The best way to do this is by mixing the new formula with the older formula. In the first two days, the parents can start by adding 25% of the stage 2 baby formula while keeping 75% of the original stage 1 formula. On the 3rd and 4th days, the percentage of the stage 2 formula can be increased to 50% while keeping 50% of the stage 1 formula. On the 5th and 6th day, the percentage of stage 2 formula can be increased to 75% while keeping 25% of the stage 1 formula in the baby food. By this time, the baby's taste buds and digestive tract have adjusted to the new formula. Finally, on the seventh day, the parents can make the complete switch by feeding the baby only the stage 2 formula.

Signs To Look Out For

Although transitioning from stage 1 to stage 2 formula can often be completed in as fast as a week's time, some certain signs and symptoms should be looked out for during the transition period. These include:

  • Skin Rashes or Eczema
  • Signs of Allergy like shortness of breath or hives
  • Vomiting
  • Blood in the feces
  • Constipation
  • Gassiness
  • Severe Diarrhea

These are the signs that the baby may not yet be tolerating the new baby formula. At this point, parents can look at alternate options for stage 2 baby formula, such as ones that are either based on goat milk or lactose-free hypoallergenic formulas.

Top 4 Easiest Formulas To Transition To

Age: 6-12 months

✓ Contains Probiotics & Prebiotics

No sugar, no corn syrup, no soy

No starch

HiPP's most popular formula

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HiPP Dutch Stage 2

Hipp Dutch stage 2 is amongst the easiest and safest formulas to transition to as it contains natural probiotic cultures of lactic acid extracted from human breast milk.

Age: 6-12 months

No palm oil

Contains natural whey, DHA, & ALA

Demeter certified (Organic++)

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Holle Goat Dutch stage 2

Holle Goat Dutch Stage 2 is a goat milk-based formula milk that is recommended to be used by babies above the age of 6 months. It is particularly beneficial for babies with a cow milk allergy risk.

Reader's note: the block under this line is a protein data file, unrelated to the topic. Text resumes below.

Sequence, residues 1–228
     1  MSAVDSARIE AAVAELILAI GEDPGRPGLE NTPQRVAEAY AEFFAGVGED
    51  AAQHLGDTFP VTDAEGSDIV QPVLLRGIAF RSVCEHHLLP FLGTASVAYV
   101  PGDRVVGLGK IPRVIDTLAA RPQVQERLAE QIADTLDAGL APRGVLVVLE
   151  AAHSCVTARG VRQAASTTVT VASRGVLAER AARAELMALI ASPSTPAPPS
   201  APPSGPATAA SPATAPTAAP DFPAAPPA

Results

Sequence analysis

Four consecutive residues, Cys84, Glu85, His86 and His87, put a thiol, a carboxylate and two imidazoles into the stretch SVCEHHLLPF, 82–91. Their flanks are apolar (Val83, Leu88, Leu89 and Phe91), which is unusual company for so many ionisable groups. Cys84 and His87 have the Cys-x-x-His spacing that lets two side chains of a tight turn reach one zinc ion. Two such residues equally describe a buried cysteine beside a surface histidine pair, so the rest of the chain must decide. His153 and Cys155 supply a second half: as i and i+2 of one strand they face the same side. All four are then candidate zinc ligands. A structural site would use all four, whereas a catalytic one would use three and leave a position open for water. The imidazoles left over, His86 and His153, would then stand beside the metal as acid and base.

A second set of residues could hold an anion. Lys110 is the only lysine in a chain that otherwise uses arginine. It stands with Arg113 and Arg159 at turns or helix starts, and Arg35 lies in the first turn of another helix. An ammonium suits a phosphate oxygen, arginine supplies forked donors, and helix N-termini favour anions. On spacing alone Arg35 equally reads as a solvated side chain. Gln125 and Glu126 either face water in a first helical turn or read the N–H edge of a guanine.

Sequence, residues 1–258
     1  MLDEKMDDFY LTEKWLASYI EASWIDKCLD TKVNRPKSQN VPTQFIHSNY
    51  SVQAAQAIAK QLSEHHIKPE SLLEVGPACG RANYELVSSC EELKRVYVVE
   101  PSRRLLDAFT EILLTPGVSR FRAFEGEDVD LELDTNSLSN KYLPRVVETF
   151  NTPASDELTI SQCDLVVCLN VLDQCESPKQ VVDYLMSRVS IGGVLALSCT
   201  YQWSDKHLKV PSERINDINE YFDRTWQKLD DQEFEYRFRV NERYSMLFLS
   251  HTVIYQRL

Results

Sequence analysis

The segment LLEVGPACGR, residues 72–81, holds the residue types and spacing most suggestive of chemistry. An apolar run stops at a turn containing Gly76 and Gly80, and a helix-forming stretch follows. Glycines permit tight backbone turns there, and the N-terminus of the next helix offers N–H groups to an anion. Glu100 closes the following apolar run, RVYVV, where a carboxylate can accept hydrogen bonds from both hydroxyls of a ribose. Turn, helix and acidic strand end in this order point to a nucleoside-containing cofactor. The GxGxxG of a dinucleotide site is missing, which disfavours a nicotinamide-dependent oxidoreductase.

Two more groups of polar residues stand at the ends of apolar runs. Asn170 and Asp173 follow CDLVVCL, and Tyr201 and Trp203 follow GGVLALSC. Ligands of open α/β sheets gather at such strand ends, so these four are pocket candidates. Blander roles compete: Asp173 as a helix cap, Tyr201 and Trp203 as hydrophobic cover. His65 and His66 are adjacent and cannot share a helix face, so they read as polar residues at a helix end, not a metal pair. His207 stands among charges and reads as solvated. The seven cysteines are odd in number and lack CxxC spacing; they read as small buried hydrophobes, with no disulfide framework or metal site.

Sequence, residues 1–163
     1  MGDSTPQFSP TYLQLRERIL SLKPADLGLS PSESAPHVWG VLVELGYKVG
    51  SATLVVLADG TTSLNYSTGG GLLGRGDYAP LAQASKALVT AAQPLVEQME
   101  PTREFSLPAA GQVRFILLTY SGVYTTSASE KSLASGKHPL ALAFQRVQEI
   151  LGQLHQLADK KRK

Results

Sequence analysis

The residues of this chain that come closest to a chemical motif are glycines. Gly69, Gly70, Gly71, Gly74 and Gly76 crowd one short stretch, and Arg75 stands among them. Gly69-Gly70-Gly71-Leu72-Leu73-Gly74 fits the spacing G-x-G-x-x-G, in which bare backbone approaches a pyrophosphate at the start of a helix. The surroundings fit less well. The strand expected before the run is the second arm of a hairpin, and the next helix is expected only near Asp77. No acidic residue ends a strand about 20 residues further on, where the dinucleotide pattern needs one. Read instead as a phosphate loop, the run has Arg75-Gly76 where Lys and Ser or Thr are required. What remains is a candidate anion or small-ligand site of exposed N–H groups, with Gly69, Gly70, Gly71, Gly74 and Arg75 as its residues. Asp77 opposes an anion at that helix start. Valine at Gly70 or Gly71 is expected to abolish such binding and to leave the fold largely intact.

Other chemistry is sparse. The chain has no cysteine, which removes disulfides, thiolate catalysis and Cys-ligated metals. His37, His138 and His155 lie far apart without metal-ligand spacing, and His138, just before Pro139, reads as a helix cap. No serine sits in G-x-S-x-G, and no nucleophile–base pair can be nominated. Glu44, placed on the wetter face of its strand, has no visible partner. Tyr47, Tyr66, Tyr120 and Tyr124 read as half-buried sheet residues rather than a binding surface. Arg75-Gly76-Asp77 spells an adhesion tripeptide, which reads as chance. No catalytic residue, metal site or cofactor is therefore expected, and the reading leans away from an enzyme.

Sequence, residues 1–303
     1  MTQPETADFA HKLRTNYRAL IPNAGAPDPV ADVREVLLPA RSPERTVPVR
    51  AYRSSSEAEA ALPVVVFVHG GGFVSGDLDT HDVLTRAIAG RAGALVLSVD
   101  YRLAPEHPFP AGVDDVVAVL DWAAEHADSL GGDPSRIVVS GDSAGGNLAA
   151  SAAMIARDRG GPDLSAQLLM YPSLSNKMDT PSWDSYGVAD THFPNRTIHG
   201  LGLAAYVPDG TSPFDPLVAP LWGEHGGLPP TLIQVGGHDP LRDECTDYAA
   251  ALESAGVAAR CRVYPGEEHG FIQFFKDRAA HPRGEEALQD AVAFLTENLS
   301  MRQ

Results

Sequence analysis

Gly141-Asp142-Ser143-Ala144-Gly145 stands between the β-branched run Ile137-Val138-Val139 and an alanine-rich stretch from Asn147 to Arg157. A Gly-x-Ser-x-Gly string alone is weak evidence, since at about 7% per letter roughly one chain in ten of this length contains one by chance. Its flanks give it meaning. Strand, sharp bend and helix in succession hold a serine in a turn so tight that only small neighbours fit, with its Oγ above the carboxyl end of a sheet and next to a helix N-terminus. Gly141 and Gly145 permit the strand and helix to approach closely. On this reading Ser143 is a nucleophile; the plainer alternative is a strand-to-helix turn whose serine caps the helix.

✓ Contains Probiotics & Prebiotics

No sugar or corn syrup

No soy

HiPP's original formula

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hipp combiotic german formula

The Hipp German Combiotic formula uses chemical-free agricultural practices and is free from all artificial sweeteners and GMOs, making it a highly safe formula milk to transition to.

4. Holle Cow

Age: 6-12 months

Clean formula ingredients

Demeter biodynamic certified

Contains natural whey, DHA, & ALA

Holle's most popular cow formula

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Holle Bio Stage 2

Holle Cow stage 2 formula milk is a Germany-based gluten-free and Demeter-certified formula milk. It is free from artificial sugars, preservatives, and gluten.

FAQs About Transitioning To Stage 2 Baby Formulas

Can I Give My 5-Month-Old Stage 2 Baby Formula?

While five months of age can be a confusing time for the parents as the infant is now ready to try out new flavors and textures, their digestive system may not be developed enough to move onto the Stage 2 formula. Unless a pediatrician advises differently, this is why babies five months of age should be fed with stage 1 formulas and may be transitioned to stage 2 when they turn six months.

What Age Is Stage 1 Baby Formula Given To?

Stage 1 baby formulas are given to infants between the age of 0 months and 6 months.

What Age Is Stage 2 Baby Formula Given To?

Stage 2 baby formulas are given to infants between the ages of 6 months to one year. Some European baby formula brands are only for infants between ages 6 to 10 months, whereas others are for infants between ages 6 to 12 months.

Transitioning Formulas

Before considering a new baby formula, parents are advised to consult a pediatrician to ensure the new formula will suit their child. Parents are also recommended to double-check the ingredients mentioned at the back of the baby formula to check if they contain any ingredient that the baby might be allergic to. Once the baby has been transitioned from stage 1 to stage 2, parents should closely monitor their baby's progress and if they are adjusting well to the new formula.

For those wondering how to transition from formula to milk, understanding the process is essential. Parents can seek guidance from their pediatrician or reliable resources online to learn about the steps involved in this transition. Additionally, there is a formula to milk transition chart available that outlines gradual methods for introducing cow's milk to your baby's diet while reducing their intake of formula. By following these guidelines and observing your baby's response, you can ensure a smooth and comfortable shift from formula to milk.

Most Popular Stage 2 Formulas For Easy Transition

  1. HiPP Dutch Stage 2
  2. Holle Goat Stage 2
  3. HiPP German Stage 2